So, when the presser about North York’s Ayaz Virani found me, I read it with more than cursory interest.
It’s not everyday a South Asian singer wins a coveted prize for his original work, a mellow pop/soul number with undertones of R&B.
Before, I ramble on, let me introduce the man whose song–Take it From me– strikes more than a chord with listeners. It has a “It” factor.
I am about to make this entire blog irrelevant by suggesting people hit play on the video now.
Recently, a panel of musicians and music industry experts chose Ayaz as the 2016 recipient of the Emerging Artist Music Mentorship Program, courtesy, a Canada’s Walk of Fame initiative.
Ayaz will receive $25,000 worth private studio recording time, introduction to an already established artist, face time with executives and get couple of opportunities to perform.
Here’s where his win gets more impressive. The panel received more than 350 hopefuls from coast-to-coast.
Music, not soccer makes my heart, beat
Ayaz grew up listening to a medley of musical styles as a result of Toronto’s multicultural vibe: Bollywood, ‘70s soul music, hip-hop and more
“The passion for music was always there, but I ignored it,” he said. “I am happy, I am now taking charge of my life.”
Yes, this story, like others narratives featured in this blog is about to meander down a predictable path: a young man (Ayaz), brimming with potential, abandons his artistic interests to pursue a profession worthy of his immigrant ancestors.
Childhood was all about playing soccer, attending math programs (outside of school) and performing at myriad cultural shows South Asian parents invariably drag their kids to.
Making his grandpa proud
After high school, he put his music away in cold storage and switched tracks with a B.Sc. in human kinetics from University of Ottawa. This path, he hoped would lead to him becoming a physician. Three tries later, Ayaz managed to pass the stringent MCAT (Medical College Admission Test), but was told, he was eligible to pursue medicine in Ireland, not Toronto.
That sobering news woke him from his reverie and self-imposed musical exile.
“I finally came face-to-face with my reality,” Ayaz told Toronto Desi Diaries on his lack-lustre interest in medicine. “Music is all I wanted.”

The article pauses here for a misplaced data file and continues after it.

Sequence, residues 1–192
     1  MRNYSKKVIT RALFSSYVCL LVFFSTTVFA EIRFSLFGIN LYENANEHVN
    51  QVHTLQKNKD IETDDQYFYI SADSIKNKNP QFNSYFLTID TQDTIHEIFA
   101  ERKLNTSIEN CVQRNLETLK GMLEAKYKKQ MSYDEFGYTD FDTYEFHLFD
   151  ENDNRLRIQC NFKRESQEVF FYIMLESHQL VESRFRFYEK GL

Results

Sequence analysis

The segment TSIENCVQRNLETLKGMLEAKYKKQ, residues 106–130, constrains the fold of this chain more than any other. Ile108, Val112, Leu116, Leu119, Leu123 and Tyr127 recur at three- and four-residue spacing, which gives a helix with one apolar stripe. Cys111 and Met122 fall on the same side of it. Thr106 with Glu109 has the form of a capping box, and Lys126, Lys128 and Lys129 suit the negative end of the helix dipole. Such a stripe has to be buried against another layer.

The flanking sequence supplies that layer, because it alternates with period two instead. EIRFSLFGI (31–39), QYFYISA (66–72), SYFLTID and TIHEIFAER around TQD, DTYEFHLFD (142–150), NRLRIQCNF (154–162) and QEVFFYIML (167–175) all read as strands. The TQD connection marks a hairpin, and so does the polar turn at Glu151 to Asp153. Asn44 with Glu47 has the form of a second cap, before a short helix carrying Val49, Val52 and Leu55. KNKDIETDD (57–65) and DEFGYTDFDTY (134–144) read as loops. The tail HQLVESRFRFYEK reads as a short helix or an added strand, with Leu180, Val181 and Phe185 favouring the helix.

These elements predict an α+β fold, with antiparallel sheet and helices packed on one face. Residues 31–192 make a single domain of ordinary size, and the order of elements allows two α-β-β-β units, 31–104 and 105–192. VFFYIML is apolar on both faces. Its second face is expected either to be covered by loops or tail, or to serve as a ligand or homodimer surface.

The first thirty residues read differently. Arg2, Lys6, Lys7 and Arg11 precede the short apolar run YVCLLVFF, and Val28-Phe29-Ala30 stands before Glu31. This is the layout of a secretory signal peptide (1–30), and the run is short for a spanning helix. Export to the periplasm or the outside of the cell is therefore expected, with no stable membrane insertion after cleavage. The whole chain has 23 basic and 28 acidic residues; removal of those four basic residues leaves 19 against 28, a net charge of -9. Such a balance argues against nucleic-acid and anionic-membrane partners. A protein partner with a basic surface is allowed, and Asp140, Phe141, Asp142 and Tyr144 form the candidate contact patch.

His parents surprisingly were supportive.
“South Asian parents want us to take these classic routes because of all that they sacrificed to bring us to this country and the opportunities they let go,” he said. “To them, that (engineering, medicine, accountancy) degree is about stability. My grandfather was an accountant back home (Dar-es-Salaam, Tanzania), who brought his family to Canada in 1972 and worked as a janitor here for pretty much the rest of his career…”
The perfect storm of emotions
Take it From me, is a pure sublime melody wrapped in insightful words. Ayaz’s voice oozes pure Maple syrup. The guitar accentuates the singer’s velvety cadence and is just right, not overwhelming, nor too timid. In this song, Ayaz serenades the listener. He observes, he muses and questions love.
It’s always a broken heart that sings, right?
“This song in particular poured out of me,” he admits. “Sometimes you feel something so intensely that there’s nothing else you can do, but release it.”
The girl that broke the floodgates of the artist’s creative energy happens to be Ayaz’s current girlfriend, who at that time, decided to get back with her “ex.”
“I got off the phone, quite heartbroken and couldn’t sleep,” he recalled. “I got out of the bed at 2 a.m., pulled my guitar out and by 5 a.m., I had a full song…”
The rest, is still unfolding.
Follow Ayaz on Instagram
You can catch Ayaz as he opens for Juno-nominated Matt Dusk with jazz/blues artist Florence K, Sept. 21 at Mod Club, 722 College St. Tickets are $30/person.
Then, on Saturday, Sept. 24, he along with other finalists from Canada’s Walk of Fame’s emerging artist music mentorship, will perform noon to 2 p.m. at Yonge-Dundas Square.